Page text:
I don’t know how any other family operates at table, (please, leave a comment so I can either be jealous or feel solidarity in this struggle,) but the following phrases pass my lips multiple times per week/meal.

Did you wash my hands? With soap? Go wash them.

We haven’t prayed yet; please stop eating.

 Put some clothes on. You can’t come to dinner without pants. (Really, I say this at least twice a week.)

 Don’t drive with your dinner plate.

*Notice, we haven’t started eating yet. When I serve the food, things get ugly.

Use your fork. Use a knife (and all it’s variations.)

Fingers are for noses; spoons are for soup.

Sit down…in your chair.

Don’t lick your plate (or fingers, or the outside of your glass.)

Elbows off the table

Smacking. (This one is so frequent, it is shortened to one word and now has a sign- a “close your mouth” snapping shut of the hand.)

Don’t talk with your mouth full.

Napkin! (Usually when saucy hands are being wiped on a pink shirt.)

Ask for something to be passed; don’t reach.

Don’t interrupt.

Why? It’s just my family here. There is no one to impress. Why put everyone through this? It’s so much work, all this nagging. Does it really matter?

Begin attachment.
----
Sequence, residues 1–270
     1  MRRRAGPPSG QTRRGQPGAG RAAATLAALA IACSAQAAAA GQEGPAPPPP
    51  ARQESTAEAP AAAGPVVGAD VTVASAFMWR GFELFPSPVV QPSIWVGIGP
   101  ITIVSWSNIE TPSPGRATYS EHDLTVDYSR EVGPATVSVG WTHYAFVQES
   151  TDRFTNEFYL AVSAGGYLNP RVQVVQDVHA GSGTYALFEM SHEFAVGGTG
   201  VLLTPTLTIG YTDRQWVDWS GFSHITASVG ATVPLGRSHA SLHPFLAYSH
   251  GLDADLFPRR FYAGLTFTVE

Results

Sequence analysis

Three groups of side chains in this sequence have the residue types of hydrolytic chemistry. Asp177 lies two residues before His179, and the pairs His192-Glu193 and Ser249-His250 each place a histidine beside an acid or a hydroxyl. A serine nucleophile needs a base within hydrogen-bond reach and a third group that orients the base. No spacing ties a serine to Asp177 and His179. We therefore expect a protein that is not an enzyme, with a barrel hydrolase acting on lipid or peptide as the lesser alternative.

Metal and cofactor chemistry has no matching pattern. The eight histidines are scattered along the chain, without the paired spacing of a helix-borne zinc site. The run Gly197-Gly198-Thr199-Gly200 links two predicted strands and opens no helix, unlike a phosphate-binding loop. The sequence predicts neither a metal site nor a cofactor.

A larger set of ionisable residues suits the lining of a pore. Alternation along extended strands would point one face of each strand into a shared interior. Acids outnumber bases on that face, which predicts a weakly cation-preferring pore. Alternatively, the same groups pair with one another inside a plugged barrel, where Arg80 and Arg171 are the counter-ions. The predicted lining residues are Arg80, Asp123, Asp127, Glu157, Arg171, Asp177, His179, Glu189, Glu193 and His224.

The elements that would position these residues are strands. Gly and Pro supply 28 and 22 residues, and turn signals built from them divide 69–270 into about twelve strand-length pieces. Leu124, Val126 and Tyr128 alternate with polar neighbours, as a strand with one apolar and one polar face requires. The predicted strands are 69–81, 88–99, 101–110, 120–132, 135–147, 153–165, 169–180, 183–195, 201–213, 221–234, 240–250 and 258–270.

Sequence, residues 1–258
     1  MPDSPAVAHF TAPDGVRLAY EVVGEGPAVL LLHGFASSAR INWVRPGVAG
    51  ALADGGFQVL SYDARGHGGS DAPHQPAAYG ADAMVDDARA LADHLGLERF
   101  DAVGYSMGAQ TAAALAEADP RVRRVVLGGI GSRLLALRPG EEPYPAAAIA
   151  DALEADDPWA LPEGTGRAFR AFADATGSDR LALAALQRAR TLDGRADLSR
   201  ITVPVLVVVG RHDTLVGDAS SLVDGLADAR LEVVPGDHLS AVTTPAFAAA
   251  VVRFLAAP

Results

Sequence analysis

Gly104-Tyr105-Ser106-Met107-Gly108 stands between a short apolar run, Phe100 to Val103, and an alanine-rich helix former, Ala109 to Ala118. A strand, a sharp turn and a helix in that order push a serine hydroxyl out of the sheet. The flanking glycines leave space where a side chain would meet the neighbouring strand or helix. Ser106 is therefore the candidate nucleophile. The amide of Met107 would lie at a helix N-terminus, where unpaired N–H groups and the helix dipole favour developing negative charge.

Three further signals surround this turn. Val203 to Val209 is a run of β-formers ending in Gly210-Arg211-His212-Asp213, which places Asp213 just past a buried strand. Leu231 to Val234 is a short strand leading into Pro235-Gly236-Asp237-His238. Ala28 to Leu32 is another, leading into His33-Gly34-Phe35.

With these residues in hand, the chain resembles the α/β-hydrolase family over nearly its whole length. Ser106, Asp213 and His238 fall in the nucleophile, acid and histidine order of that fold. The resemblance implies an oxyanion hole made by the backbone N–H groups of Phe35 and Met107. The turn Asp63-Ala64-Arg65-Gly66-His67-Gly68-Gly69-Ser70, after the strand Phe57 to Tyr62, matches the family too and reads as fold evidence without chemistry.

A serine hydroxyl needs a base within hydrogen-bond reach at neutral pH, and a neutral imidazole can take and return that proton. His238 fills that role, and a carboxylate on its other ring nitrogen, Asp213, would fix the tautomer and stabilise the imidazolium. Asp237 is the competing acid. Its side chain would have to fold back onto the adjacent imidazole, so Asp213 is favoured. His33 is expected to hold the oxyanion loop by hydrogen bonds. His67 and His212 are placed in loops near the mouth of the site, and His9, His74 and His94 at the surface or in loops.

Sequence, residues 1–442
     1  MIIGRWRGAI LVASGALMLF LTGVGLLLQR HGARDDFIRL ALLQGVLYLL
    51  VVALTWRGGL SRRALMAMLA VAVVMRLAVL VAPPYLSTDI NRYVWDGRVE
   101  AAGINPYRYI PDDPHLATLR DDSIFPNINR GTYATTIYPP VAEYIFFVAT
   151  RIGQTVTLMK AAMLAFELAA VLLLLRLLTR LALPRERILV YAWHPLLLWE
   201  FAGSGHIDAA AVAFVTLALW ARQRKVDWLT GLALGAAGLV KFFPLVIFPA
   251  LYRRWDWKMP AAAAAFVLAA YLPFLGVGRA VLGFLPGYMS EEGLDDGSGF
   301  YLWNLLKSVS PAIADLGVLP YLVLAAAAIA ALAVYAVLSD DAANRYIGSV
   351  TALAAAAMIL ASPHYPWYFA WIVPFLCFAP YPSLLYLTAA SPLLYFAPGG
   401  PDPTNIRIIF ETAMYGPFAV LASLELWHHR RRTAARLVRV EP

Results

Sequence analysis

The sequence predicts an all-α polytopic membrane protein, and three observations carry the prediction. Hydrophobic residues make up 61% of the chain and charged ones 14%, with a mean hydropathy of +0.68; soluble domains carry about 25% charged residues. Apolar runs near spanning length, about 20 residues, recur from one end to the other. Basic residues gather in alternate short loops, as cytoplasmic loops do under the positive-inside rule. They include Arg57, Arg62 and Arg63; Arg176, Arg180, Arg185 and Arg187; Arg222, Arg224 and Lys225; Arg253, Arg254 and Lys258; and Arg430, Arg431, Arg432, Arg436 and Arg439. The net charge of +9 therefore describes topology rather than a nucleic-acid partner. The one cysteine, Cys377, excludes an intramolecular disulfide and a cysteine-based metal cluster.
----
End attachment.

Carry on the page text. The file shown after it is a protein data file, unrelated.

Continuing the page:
YES, of course it matters! And it’s not because it shows good breeding, or anything so lofty. It’s because other diners have to eat with them. I have to eat with them every day. It’s about making these children acceptable dinner companions and not onerous appetite suppressants. Maybe, at some glorious point in the future, they will even be enjoyable to eat with. This, indeed, is the essence of all good manners- making ourselves pleasant to be around.

So, I correct and remind them all the way through dinner, (God help me,) from the moment they sit, until they are excused. If I did not, dinner would look like primate feeding time at the zoo, and I do them no favors by letting them keep their course ways. Still, I wonder when I will be able to serve a meal without a big steaming dish of nag.